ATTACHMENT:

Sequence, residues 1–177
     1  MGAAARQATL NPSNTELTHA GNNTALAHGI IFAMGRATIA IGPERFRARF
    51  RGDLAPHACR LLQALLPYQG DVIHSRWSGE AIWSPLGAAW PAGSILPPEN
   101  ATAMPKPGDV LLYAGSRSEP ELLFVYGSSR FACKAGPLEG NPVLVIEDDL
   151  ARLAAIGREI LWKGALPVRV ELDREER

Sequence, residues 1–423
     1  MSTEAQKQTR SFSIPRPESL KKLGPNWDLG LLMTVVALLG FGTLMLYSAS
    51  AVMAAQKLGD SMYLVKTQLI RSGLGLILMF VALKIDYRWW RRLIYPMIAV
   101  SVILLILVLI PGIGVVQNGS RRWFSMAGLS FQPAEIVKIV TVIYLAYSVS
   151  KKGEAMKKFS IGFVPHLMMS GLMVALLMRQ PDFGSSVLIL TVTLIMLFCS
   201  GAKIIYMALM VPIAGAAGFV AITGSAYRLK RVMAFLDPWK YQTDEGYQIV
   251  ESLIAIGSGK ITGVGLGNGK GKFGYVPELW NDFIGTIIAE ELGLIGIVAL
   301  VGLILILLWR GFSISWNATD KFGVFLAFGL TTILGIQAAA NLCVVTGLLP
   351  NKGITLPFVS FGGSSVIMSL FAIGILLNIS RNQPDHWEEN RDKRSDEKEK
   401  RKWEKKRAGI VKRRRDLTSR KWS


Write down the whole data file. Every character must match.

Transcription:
Sequence, residues 1–177
     1  MGAAARQATL NPSNTELTHA GNNTALAHGI IFAMGRATIA IGPERFRARF
    51  RGDLAPHACR LLQALLPYQG DVIHSRWSGE AIWSPLGAAW PAGSILPPEN
   101  ATAMPKPGDV LLYAGSRSEP ELLFVYGSSR FACKAGPLEG NPVLVIEDDL
   151  ARLAAIGREI LWKGALPVRV ELDREER

Sequence, residues 1–423
     1  MSTEAQKQTR SFSIPRPESL KKLGPNWDLG LLMTVVALLG FGTLMLYSAS
    51  AVMAAQKLGD SMYLVKTQLI RSGLGLILMF VALKIDYRWW RRLIYPMIAV
   101  SVILLILVLI PGIGVVQNGS RRWFSMAGLS FQPAEIVKIV TVIYLAYSVS
   151  KKGEAMKKFS IGFVPHLMMS GLMVALLMRQ PDFGSSVLIL TVTLIMLFCS
   201  GAKIIYMALM VPIAGAAGFV AITGSAYRLK RVMAFLDPWK YQTDEGYQIV
   251  ESLIAIGSGK ITGVGLGNGK GKFGYVPELW NDFIGTIIAE ELGLIGIVAL
   301  VGLILILLWR GFSISWNATD KFGVFLAFGL TTILGIQAAA NLCVVTGLLP
   351  NKGITLPFVS FGGSSVIMSL FAIGILLNIS RNQPDHWEEN RDKRSDEKEK
   401  RKWEKKRAGI VKRRRDLTSR KWS